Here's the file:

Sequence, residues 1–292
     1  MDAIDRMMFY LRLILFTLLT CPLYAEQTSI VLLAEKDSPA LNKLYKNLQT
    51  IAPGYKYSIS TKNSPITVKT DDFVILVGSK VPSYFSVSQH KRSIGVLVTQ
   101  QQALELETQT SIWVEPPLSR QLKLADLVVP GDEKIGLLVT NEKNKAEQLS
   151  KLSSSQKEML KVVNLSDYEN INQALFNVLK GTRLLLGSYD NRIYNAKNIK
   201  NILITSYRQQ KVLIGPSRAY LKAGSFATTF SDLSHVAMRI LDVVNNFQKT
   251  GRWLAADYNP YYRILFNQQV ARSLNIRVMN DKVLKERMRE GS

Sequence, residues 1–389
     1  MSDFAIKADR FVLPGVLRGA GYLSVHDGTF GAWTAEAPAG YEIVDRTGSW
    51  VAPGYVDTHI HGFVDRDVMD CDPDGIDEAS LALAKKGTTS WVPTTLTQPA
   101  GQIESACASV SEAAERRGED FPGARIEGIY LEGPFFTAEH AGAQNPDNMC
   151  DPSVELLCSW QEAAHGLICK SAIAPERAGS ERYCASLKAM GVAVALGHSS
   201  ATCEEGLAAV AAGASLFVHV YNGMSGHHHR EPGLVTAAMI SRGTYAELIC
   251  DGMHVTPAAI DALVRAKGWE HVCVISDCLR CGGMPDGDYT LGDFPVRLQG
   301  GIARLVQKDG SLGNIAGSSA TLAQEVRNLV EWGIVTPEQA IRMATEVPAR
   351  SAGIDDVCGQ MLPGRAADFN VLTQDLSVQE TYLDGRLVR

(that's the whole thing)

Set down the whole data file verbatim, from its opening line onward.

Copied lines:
Sequence, residues 1–292
     1  MDAIDRMMFY LRLILFTLLT CPLYAEQTSI VLLAEKDSPA LNKLYKNLQT
    51  IAPGYKYSIS TKNSPITVKT DDFVILVGSK VPSYFSVSQH KRSIGVLVTQ
   101  QQALELETQT SIWVEPPLSR QLKLADLVVP GDEKIGLLVT NEKNKAEQLS
   151  KLSSSQKEML KVVNLSDYEN INQALFNVLK GTRLLLGSYD NRIYNAKNIK
   201  NILITSYRQQ KVLIGPSRAY LKAGSFATTF SDLSHVAMRI LDVVNNFQKT
   251  GRWLAADYNP YYRILFNQQV ARSLNIRVMN DKVLKERMRE GS

Sequence, residues 1–389
     1  MSDFAIKADR FVLPGVLRGA GYLSVHDGTF GAWTAEAPAG YEIVDRTGSW
    51  VAPGYVDTHI HGFVDRDVMD CDPDGIDEAS LALAKKGTTS WVPTTLTQPA
   101  GQIESACASV SEAAERRGED FPGARIEGIY LEGPFFTAEH AGAQNPDNMC
   151  DPSVELLCSW QEAAHGLICK SAIAPERAGS ERYCASLKAM GVAVALGHSS
   201  ATCEEGLAAV AAGASLFVHV YNGMSGHHHR EPGLVTAAMI SRGTYAELIC
   251  DGMHVTPAAI DALVRAKGWE HVCVISDCLR CGGMPDGDYT LGDFPVRLQG
   301  GIARLVQKDG SLGNIAGSSA TLAQEVRNLV EWGIVTPEQA IRMATEVPAR
   351  SAGIDDVCGQ MLPGRAADFN VLTQDLSVQE TYLDGRLVR